Team AkzoNobel and Team Brunel were racing practically neck and neck on Sunday as the Volvo Ocean Race fleet geared up for a nail-biting Leg 9 finale.
With less than 300 miles remaining to the finish line in Cardiff, Wales, the two Dutch boats were just two miles apart at the front of the seven-strong fleet and matching each other for speed.
Having broken free of the clutches of a high-pressure ridge west of Ireland that halted their fast progress across the Atlantic, the fleet faces one last hurdle – a cyclone off Land’s End, the most westerly point of England.
The depression will force the teams to sail upwind, tacking to take what they believe is the quickest route to the finish line. There will be an enhanced emphasis on tactics, sail selection and above all team work on the final miles to the finish.
Having had victory snatched from them at the last minute in Leg 8, Brunel are out to exact revenge on rivals MAPFRE and Dongfeng Race Team by defeating them in Leg 9.
At 1300 UTC Dongfeng were 32 miles behind them in third, with MAPFRE in fifth some 87 miles off the pace.
Brunel’s veteran skipper Bouwe Bekking said that with the two red boats taken care of, his crew would then set their sights on overhauling AkzoNobel in pursuit of their second leg win this edition.
“The finish looks tricky – we have to manage a low-pressure system just off Land’s End, England that means upwind sailing and tacking eventually, then one more park-up before sailing into the finish,” Bekking said.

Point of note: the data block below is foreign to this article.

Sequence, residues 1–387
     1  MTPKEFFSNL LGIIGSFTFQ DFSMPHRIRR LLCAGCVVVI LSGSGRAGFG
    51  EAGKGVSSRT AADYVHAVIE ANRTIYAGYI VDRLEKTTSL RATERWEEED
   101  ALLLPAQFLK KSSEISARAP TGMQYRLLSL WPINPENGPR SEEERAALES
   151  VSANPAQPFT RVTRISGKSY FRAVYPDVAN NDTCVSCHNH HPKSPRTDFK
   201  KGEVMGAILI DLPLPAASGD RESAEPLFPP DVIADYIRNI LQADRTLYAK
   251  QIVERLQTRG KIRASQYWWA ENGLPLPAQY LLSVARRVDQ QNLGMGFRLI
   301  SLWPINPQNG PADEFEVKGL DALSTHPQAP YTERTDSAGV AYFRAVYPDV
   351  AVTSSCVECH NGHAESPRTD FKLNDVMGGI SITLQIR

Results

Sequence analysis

“We expect Dongfeng will push hard south east as it’s their only way to have a chance to gain mileage on us. But it can be tricky for them as well – if they get caught in the low, it means no pressure.
“We can’t control them if we’re sailing in a different weather pattern, so we can’t think too much about that. We have to make the right moves for what is the best for us.
“Objective number one for this leg was, and is, beating the two red busses, so that hope for overall victory is still alive.
“Let’s make that happen first and we feel we can pass the leader as well.”
AkzoNobel were equally fired up for the final fight in Leg 9.
“We’re ready for a long match race, potentially all the way to the finish line,” AkzoNobel’s Chris Nicholson said. “Everyone’s up for it.”
As well as the regular battle between the seven teams, a personal scrap between the race’s two Welsh sailors – Bleddyn Mon on Turn the Tide on Plastic and Trystan Seal on Sun Hung Kai/Scallywag – has developed, with each looking for bragging rights sailing into their home country.
“There are two Welshmen in the race and the race is on between them. We have Bleddyn Mon and Scallywag have Trystan Seal and we are racing to bring a local hero home,” said Dee Caffari, skipper of sixth-placed Turn the Tide on Plastic.
“I am sure both will be Welsh celebrities by the end of the stopover but this is now about bragging rights and we need to find our victories somewhere, however large or small.”
The Race Village in Cardiff officially opened on Sunday morning. The Welsh city becomes just the third port in the UK to host the Volvo Ocean Race, after Southampton and Portsmouth.
Current ETAs have the leading group finishing late Monday night and into the early hours of Tuesday morning, with the rest of the fleet following throughout the day.
Volvo Ocean Race – Leg 9 – Leaderboard (13:00 UTC)
1. team AkzoNobel – Distance To Finish: 299.9 nautical miles
2. Team Brunel – 2.2 nautical miles behind
3. Dongfeng Race Team – 32.8 nautical miles behind
4. Vestas 11th Hour Racing – 60.2 nautical miles behind
5. MAPFRE – 87.3 nautical miles behind
6. Turn the Tide on Plastic – 143.0 nautical miles behind
7. Sun Hung Kai / Scallywag – 255.4 nautical miles behind
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